“Tests are not inherently bad. It is quite possible to write test questions and answer choices that most people would agree are fair measures of what a student has learned. It is possible to write questions that do not have any of the flaws mentioned nor other flaws. But it costs money. And expertise.”
Tests don’t lead to better performance
Instead of chasing “better tests,” we must admit standardized tests are flawed mechanisms for creating equity.
Evidence suggests that neither Common Core nor the related high-stakes “next generation” tests (such as those developed by PARCC) will achieve that ever-elusive goal of “better tests.”
A 2011 comprehensive review of the accountability movement built on standards and high-stakes testing has shown the degree to which testing has negatively affected student graduation rates, an important indicator of equity.
In addition, testing has often had a greater and negative impact on learning than curriculum or standards. Managing director of the National Education Policy Center, William Mathis has shown that high-stakes testing “resulted in the ‘dumbing down’ and narrowing of the curriculum.”
Nothing about these “next generation” of tests suggests they will be any more effective than state-based accountability systems introduced almost 30 years ago, since the format and grading of these tests remain essentially the same.
In fact, continuing to depend on standardized testing will neither increase student achievement nor achieve equity goals.
Many factors go into test scores
That tests do not create equity, but do reflect inequity, is also clear from the example of college entrance exams such as the SAT.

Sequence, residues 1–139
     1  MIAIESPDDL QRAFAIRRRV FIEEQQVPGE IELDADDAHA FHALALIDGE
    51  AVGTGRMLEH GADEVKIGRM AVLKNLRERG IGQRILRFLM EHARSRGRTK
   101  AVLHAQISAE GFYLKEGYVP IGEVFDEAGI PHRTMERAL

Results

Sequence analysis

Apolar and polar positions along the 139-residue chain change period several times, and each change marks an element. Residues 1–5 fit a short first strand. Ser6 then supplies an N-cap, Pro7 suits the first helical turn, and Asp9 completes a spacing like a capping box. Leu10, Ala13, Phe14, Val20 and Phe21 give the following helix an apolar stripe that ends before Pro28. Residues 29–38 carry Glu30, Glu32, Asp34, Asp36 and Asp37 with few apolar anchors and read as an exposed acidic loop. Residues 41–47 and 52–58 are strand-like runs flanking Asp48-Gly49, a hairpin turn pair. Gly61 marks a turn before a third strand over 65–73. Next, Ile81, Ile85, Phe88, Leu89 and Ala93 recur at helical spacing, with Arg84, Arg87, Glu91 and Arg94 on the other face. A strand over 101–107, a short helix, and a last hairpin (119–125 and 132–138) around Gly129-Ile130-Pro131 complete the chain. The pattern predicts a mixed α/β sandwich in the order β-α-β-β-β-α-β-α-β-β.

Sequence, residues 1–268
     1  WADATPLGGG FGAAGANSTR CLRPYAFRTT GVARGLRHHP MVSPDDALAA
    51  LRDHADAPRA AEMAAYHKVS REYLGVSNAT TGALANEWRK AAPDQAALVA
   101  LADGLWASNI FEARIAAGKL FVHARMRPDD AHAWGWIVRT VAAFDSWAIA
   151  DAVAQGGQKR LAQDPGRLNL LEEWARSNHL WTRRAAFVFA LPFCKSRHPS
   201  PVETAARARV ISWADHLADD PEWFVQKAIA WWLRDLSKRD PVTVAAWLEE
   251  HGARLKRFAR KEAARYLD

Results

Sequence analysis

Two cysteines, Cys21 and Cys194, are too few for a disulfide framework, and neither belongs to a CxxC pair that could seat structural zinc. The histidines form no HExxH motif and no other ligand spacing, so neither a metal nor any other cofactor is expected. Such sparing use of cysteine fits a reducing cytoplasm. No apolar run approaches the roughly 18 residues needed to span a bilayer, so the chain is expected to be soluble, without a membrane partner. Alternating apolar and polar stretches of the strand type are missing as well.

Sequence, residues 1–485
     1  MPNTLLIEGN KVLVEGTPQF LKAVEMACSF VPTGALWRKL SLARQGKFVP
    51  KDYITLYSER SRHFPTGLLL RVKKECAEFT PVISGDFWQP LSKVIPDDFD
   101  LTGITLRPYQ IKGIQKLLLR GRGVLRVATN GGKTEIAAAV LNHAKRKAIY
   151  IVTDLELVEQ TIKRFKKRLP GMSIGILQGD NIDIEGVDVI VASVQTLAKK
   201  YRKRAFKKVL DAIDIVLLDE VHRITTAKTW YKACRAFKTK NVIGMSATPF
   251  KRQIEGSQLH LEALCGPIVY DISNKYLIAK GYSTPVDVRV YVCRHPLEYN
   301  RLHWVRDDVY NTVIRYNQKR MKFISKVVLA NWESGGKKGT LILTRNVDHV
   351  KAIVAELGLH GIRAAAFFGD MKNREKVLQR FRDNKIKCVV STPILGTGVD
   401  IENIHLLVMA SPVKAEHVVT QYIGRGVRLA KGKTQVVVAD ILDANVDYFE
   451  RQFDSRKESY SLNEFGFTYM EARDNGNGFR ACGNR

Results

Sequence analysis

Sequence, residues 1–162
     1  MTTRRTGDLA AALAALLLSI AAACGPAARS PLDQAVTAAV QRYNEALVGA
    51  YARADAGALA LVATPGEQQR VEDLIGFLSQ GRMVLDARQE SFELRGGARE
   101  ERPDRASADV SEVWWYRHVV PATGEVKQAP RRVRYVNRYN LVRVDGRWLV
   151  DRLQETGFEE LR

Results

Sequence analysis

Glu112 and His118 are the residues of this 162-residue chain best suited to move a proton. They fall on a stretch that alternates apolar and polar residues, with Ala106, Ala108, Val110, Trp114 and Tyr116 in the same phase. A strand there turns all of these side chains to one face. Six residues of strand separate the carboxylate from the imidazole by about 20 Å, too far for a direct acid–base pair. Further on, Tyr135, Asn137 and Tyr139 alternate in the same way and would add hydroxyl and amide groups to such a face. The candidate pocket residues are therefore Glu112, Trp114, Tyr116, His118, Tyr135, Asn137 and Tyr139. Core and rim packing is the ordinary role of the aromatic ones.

Results of standardized tests directly reflect students’ socio-economic status and their parents’ level of education. As data from the SAT show, student scores increase directly in line with parental wealth and education, thus misrepresenting college-preparedness, which is better represented by simple GPA.
Standardized tests reflect more out-of-school than in-school influences. Standardized test scores are also biased by gender and race, with whites and males scoring higher. However, test data are misinterpreted as exclusively student achievement.
In short, from the SAT and ACT to PARCC, I would argue, high-stakes tests perpetuate and even create inequity.
Education historian Herb Kliebard explains that US formal education embraced standardized testing in the early 20th century mostly because those tests were inexpensive and easy to implement.
In the process, a system has been set up that tolerates the many and more corrosive consequences of those tests.
We currently have no evidence, however, that PARCC has solved these historical and lingering problems with the inherently flawed and limited system of standardized testing.
Using standardized tests such as PARCC for high-stakes decisions about individual students or teachers will only continue to fail students and not achieve goals of social and educational equity.